I have a deep ambivalence about Thanksgiving as a holiday. For example, it’s not properly part of the (transnational) church’s liturgical year, and it tends to be easily conflated with American civil religion–while also tending to paper over the history of colonialism. But while the “official” holiday is at least questionable, certainly gratitude and thanksgiving are central to the Christian life. Indeed, in the organization of the Heidelberg Catechism, the entirety of the Christian life is encompassed under the rubric of gratitude.
So, ambivalence aside, it doesn’t take much coaxing for me to take a day to enjoy a feast and football with family and friends (even if that means having to watch the Detroit Lions and the Dallas Cowboys). But my friend, Mark, and I both commented again this year on how puzzling it was to see the incessant military references and images on the Thanksgiving broadcasts. It was like the NFL was somehow broadcasting on Memorial Day or the Fourth of July. Why would Thanksgiving be so interconnected with the armed forces?
But I think I’ve discerned the logic to this. I know I’ve noted (complained!) about this before, but I think I’ve further crystallized the linkage. For some reason, broadcast television always feels compelled to secularize religious and quasi-religious holidays; this is, in some ways, part and parcel of other secularizing currents in commercial culture. But when Thanksgiving is secularized, what’s lost is precisely the Object to whom we would render gratitude. In other words, we end up being thankful for “gifts” without being able to recognize the Giver.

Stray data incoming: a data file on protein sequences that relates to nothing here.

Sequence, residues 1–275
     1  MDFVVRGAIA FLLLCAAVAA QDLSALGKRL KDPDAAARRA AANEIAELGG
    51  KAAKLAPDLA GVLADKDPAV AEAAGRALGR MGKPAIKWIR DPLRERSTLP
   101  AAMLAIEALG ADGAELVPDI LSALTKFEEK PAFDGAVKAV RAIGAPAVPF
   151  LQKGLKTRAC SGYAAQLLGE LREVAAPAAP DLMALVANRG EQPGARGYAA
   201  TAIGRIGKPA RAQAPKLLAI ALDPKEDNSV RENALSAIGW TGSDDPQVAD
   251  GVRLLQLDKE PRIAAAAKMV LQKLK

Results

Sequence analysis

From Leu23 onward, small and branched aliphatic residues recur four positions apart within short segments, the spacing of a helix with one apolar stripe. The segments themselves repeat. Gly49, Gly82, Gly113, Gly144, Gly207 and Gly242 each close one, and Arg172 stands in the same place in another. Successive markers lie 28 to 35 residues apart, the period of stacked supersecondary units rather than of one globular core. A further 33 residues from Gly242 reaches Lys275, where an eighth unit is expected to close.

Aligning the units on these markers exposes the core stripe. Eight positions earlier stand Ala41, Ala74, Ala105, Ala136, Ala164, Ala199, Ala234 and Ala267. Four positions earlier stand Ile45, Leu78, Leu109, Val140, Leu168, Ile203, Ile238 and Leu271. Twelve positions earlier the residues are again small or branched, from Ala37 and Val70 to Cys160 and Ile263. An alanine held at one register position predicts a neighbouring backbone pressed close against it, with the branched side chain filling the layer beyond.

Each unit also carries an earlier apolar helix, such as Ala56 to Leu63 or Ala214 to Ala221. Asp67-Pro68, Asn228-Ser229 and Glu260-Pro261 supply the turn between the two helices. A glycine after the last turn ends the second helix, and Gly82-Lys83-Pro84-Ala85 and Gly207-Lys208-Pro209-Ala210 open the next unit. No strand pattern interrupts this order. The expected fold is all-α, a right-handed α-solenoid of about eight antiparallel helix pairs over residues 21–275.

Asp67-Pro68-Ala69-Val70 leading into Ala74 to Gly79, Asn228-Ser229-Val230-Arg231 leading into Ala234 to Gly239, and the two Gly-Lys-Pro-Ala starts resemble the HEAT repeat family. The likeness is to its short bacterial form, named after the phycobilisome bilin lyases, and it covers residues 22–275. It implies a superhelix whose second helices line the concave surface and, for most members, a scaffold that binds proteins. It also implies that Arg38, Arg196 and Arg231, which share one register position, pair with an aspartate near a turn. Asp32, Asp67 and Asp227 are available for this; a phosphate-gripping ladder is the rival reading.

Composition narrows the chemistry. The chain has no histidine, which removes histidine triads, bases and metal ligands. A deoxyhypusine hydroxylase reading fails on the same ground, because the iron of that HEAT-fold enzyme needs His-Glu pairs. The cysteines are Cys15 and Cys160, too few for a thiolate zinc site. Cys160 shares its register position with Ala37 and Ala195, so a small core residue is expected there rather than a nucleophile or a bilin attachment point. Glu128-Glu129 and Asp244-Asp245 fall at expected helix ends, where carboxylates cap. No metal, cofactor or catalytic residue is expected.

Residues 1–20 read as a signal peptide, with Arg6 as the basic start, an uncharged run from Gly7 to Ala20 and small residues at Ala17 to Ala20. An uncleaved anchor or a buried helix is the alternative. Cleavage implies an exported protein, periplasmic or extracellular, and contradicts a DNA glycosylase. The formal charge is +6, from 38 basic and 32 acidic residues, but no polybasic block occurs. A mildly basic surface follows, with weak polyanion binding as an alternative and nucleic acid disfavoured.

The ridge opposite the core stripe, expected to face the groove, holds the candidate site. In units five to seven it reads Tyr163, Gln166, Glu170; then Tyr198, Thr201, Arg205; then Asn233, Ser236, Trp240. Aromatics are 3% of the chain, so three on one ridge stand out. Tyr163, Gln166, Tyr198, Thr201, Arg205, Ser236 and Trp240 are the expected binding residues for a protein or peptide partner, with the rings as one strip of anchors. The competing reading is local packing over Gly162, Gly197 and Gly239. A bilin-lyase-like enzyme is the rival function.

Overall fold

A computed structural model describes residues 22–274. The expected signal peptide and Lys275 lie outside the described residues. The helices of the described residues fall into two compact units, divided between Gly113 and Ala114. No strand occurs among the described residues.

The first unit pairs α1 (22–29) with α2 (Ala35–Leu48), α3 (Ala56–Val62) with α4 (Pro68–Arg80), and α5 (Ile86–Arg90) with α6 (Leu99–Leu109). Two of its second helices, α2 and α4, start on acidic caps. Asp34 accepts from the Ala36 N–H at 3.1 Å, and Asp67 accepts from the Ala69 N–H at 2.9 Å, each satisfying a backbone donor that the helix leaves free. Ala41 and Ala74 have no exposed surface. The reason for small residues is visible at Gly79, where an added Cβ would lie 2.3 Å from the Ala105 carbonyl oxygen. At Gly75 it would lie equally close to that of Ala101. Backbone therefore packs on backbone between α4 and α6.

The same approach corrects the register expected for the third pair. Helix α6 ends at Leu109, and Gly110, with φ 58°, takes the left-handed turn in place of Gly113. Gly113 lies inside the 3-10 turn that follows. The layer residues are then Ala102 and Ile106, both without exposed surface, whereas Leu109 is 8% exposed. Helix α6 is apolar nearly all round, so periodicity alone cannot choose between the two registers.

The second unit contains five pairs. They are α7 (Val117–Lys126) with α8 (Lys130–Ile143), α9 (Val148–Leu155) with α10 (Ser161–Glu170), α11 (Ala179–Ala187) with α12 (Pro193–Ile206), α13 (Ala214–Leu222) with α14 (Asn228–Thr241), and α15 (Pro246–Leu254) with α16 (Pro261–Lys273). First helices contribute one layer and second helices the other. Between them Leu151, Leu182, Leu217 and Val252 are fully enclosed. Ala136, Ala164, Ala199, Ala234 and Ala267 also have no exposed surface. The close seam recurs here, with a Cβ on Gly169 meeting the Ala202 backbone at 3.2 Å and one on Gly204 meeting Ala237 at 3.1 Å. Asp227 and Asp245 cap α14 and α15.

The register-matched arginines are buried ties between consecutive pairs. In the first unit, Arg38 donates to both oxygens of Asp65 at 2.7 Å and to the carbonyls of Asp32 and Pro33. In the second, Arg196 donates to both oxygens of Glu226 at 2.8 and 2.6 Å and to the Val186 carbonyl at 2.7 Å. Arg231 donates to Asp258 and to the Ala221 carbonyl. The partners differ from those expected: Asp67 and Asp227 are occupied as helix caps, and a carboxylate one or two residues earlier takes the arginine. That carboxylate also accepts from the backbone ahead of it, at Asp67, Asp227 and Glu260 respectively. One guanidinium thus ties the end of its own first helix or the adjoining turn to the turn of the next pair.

So we come up with a substitute Giver, which is something like the idea of “America”–the land of the free. And while there are alternative conceptual histories that would actually honor how much the United States was conceptually forged–that the U.S. is really the experimental product of ideas–our current anti-intellectual climate would rather think of “America” as the product of force and might (as the national anthem prefers). So if we are thankful for America, we’re thankful to the military who, proverbially, “protect our freedom, ” “keep us free,” “make the ultimate sacrifice for our freedom,” etc. Soldiers are thus revered as the warrior-priests of freedom.
And what are we free for? Well, to shop. And so the best expression of thanksgiving is precisely Black Friday, that Dionysian display of consumerist passion when people literally die in the frantic pursuit of consumer goods.
In sum, the secularization of thanksgiving leads to the sacralization of the military as the guardians of consumer freedom. Such secularization, then, is not a-religious but otherwise-religious. Thus a secularized thanksgiving yields a uniquely American idolatry.